The Scottish Environment Protection Agency is investigating claims that chemical weapons are buried near a proposed water treatment plant.
The weapons are a left over from disposal by the RAF during WW2. According to the report, the military knew about the risk to the general public all along but kept the report a secret.
Chemical weapons are amongst the most devastating of all war related tools, and the authorities should have taken appropriate measures to ensure their safe disposal.
RAF Kinloss authorities knew the public could be at risk from chemical weapons buried near the base, according to documents obtained by BBC Scotland.
The Moray base is already the focus of an investigation into radioactive contamination.
A 2004 land quality assessment also warned sulphur mustard chemical weapons may be present within landfill and waste areas accessible to the public.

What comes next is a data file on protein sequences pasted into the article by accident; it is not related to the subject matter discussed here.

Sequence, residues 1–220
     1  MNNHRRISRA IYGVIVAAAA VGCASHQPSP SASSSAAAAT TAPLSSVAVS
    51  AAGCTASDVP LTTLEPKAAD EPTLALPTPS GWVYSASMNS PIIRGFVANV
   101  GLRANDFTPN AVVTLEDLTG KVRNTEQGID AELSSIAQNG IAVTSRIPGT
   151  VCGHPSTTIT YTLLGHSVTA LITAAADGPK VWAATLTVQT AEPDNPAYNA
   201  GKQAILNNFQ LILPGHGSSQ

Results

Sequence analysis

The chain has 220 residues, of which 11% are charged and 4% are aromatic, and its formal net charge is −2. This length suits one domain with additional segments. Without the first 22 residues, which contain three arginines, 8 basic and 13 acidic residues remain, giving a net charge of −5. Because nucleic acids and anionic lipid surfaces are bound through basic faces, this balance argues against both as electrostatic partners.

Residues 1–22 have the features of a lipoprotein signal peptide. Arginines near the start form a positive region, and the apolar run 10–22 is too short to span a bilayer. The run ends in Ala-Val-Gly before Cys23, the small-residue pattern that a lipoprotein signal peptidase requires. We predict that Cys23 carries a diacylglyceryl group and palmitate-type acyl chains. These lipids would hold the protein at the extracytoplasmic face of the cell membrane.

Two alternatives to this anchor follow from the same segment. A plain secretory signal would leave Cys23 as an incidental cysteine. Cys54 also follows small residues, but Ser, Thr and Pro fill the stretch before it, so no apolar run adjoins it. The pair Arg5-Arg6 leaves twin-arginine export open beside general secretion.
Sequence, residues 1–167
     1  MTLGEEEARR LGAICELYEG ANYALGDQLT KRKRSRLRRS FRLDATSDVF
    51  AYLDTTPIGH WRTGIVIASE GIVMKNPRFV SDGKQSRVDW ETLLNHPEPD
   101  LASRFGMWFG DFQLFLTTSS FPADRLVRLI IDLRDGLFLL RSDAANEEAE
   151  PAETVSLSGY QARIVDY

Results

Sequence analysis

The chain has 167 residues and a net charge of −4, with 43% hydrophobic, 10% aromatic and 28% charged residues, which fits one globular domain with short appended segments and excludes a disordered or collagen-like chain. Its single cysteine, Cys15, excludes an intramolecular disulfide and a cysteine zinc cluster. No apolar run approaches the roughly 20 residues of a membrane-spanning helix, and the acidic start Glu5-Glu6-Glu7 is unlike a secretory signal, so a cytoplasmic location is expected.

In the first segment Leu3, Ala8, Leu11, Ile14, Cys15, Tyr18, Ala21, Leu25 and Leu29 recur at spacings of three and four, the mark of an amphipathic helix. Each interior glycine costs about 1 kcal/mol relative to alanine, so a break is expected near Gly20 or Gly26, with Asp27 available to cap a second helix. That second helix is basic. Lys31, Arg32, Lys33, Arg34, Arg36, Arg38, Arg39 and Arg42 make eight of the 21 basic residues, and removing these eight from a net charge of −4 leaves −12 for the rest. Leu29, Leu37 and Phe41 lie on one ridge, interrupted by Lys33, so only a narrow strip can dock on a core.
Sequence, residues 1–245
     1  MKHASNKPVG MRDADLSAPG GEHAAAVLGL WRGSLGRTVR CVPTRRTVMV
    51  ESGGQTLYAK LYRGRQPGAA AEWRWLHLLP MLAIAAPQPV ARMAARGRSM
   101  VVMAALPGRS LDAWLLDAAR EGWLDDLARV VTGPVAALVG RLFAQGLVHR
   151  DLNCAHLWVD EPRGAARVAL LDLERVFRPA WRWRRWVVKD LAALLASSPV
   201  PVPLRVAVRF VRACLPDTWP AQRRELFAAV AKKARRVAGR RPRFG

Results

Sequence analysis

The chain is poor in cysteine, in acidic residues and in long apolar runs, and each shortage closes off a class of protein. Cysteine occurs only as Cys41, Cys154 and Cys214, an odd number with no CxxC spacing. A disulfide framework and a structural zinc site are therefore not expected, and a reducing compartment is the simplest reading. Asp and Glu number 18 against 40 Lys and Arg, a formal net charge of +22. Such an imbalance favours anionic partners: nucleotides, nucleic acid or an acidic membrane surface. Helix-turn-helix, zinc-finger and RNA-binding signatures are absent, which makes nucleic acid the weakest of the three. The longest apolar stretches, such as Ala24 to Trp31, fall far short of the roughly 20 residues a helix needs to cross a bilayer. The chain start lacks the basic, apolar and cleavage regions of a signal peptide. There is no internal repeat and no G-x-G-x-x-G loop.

The MoD has said Kinloss is “suitable for its current use”.
The Scottish Environment Protection Agency (Sepa) is investigating radioactive contamination at the site linked to the use of “glow in the dark paint” in WWII aircraft.
This dated to an era when aircraft were broken up and scrapped and it is understood any chemical weapon materials would have been processed around the same time.
‘Potential risk’ A land quality assessment completed in 2004 warned a chemical weapons agent may be “present within landfill and waste tip areas located within the alienated land which is accessible to the general public”.
The chemical weapons agent was sulphur mustard, which can cause severe burns and is also known to cause cancer.
The risk of contamination was identified in an assessment before construction work began on a new pipeline for a water treatment project.